Office of External Affairs
Mountain-Prairie Region

NEWS RELEASE

U.S. Fish and Wildlife Service
Mountain-Prairie Region
134 Union Boulevard
Lakewood, Colorado 80228

UPPER COLORADO RIVER ENDANGERED FISH RECOVERY PROGRAM

May 21, 2008

CONTACT:  Justyn Hock, 970-248-0625
                      Brent Uilenberg, 970-248-0641
                      Debbie Felker, 303-969-7322,  x227                       

 

Price-Stubb Fish Passage Construction

is Complete

 

LAKEWOOD-Colo. -- The Upper Colorado River Endangered Fish Recovery Program (Recovery Program) announced today that Kissner G.C. Inc., has completed construction of a unique fish passage at the Price-Stubb Diversion Dam on the Colorado River.  The 900-foot-long passage restores river access to four species of endangered Colorado River fishes – the humpback chub, bonytail, Colorado pikeminnow and razorback sucker.  The passage consists of 190 strategically-placed concrete cylinders that form the fish passage and create better flow conditions for the fish. 

 

“This was a challenging project;” said Mark Wernke, Design and Construction Group manager for the Bureau of Reclamation, who oversaw construction.  “Construction had to occur in the winter during low river flows and be completed before spring runoff.  The Colorado River had to be diverted so construction could take place in the river channel.  Kissner G.C. Inc. successfully met those challenges.” 

 

The Price-Stubb Diversion Dam was the last barrier to fish migration on the Colorado River from Utah’s Lake Powell to the upper end of critical habitat near Rifle, Colo. Completion of the Price-Stubb fish passage gives endangered fish access to 50 miles of critical habitat that has been blocked since the 8-foot-high diversion dam was completed in 1911. Other Recovery Program fish passages are in place at the Grand Valley Irrigation Company Diversion Dam and Grand Valley Project Diversion Dam on the Colorado River and at the Redlands Diversion Dam on the Gunnison River.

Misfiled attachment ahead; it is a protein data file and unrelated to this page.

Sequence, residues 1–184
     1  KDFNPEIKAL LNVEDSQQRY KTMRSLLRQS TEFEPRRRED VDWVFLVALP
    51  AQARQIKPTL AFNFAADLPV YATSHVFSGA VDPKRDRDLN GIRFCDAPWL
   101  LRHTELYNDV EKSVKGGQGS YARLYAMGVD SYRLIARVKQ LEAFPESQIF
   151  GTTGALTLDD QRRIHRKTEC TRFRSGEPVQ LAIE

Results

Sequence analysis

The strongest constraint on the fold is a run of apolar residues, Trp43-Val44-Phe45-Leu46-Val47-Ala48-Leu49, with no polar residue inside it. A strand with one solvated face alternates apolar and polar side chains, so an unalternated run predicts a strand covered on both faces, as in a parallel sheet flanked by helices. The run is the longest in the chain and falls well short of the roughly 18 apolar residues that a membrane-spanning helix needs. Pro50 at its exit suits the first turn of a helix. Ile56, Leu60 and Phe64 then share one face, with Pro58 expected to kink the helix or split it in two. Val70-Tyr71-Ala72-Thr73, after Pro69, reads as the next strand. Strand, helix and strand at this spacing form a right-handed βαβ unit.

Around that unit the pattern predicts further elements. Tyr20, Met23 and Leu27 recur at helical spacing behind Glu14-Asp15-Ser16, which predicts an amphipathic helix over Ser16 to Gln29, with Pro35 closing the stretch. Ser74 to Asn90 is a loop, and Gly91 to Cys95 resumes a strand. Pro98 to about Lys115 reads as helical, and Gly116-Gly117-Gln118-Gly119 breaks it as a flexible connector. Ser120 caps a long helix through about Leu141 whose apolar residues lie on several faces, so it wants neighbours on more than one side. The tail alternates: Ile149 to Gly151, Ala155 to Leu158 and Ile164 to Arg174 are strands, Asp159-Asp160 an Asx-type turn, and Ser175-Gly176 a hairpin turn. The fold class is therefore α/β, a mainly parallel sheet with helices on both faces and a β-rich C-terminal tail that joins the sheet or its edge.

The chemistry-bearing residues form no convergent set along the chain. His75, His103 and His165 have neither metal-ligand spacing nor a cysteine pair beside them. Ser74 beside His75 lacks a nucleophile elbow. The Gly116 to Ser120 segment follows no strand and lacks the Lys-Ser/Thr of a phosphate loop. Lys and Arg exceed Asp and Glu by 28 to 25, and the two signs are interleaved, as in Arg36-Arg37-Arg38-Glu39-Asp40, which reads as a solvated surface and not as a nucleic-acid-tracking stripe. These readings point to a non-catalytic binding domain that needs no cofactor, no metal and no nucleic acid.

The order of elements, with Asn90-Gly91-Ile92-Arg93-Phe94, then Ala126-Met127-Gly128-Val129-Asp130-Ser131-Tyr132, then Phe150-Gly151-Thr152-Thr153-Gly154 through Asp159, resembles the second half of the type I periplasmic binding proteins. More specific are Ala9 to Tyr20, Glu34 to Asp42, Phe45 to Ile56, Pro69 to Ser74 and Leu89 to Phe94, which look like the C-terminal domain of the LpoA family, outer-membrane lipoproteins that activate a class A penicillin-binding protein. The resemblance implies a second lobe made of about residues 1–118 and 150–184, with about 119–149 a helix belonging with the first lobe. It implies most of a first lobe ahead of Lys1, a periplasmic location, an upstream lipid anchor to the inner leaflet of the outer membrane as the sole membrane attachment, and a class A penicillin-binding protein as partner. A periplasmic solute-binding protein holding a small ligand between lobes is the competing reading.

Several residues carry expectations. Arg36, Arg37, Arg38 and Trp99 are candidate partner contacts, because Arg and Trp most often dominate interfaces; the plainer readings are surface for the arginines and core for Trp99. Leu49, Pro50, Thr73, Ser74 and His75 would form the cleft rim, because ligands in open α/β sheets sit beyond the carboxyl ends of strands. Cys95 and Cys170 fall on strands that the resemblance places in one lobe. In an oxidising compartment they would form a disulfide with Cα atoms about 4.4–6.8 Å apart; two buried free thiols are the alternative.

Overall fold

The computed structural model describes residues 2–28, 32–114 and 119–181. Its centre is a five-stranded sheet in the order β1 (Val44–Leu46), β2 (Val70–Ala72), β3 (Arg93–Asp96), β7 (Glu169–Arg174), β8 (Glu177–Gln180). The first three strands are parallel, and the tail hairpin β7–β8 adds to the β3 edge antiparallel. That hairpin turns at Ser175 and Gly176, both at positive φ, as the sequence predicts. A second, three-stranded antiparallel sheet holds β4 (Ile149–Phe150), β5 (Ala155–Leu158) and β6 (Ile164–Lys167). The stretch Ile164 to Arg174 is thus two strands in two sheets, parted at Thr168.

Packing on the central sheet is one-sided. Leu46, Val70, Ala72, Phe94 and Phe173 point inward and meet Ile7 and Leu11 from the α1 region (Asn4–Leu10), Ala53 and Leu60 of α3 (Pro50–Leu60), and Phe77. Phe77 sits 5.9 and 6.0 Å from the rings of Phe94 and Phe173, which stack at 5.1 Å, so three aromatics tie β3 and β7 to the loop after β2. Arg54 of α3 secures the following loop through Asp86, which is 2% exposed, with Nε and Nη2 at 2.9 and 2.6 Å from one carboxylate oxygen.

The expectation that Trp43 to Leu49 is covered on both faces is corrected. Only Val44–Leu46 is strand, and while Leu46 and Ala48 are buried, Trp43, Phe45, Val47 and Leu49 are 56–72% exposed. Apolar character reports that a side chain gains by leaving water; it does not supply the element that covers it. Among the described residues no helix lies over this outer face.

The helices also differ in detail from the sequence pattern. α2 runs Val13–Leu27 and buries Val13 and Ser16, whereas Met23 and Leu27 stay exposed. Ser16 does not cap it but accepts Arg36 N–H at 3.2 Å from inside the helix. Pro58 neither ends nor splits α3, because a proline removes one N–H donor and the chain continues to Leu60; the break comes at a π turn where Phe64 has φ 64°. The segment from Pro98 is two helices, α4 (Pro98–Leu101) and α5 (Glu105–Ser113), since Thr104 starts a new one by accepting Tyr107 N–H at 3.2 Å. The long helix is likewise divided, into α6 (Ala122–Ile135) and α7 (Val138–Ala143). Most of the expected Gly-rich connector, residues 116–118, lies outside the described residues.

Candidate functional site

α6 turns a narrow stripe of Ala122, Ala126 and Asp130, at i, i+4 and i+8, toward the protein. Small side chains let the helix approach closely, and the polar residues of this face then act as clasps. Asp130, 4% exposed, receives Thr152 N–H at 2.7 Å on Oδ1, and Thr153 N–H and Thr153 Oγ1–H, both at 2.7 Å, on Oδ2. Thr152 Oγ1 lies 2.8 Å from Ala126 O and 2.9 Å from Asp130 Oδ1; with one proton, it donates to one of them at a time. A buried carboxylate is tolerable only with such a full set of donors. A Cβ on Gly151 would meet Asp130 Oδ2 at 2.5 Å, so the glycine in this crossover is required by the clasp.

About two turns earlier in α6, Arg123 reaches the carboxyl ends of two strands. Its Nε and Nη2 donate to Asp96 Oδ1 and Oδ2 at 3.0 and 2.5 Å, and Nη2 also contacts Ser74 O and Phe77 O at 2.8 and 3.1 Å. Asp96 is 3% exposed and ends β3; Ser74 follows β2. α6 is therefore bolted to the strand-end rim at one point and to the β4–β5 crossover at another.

Reclamation oversees capital construction projects for the Recovery Program as part of efforts to recover the endangered fishes.

 

“Completion of this passage is cause for celebration,” said Recovery Program Director Bob Muth.  “The passage is the culmination of several years of collaborative efforts with the local community and state and federal agencies.  Reopening river corridors with fish passages enables these big-river, endangered fishes to reach the variety of habitats they require to complete their life cycle.”

 

Established in 1988, the Upper Colorado River Endangered Fish Recovery Program is a voluntary, cooperative program whose purpose is to recover the endangered fishes while water development proceeds in accordance with federal and state laws and interstate compacts.  For more information, call 303-969-7322, ext. 227 or visit the Recovery Program’s website: coloradoriverrecovery.fws.gov.          

 

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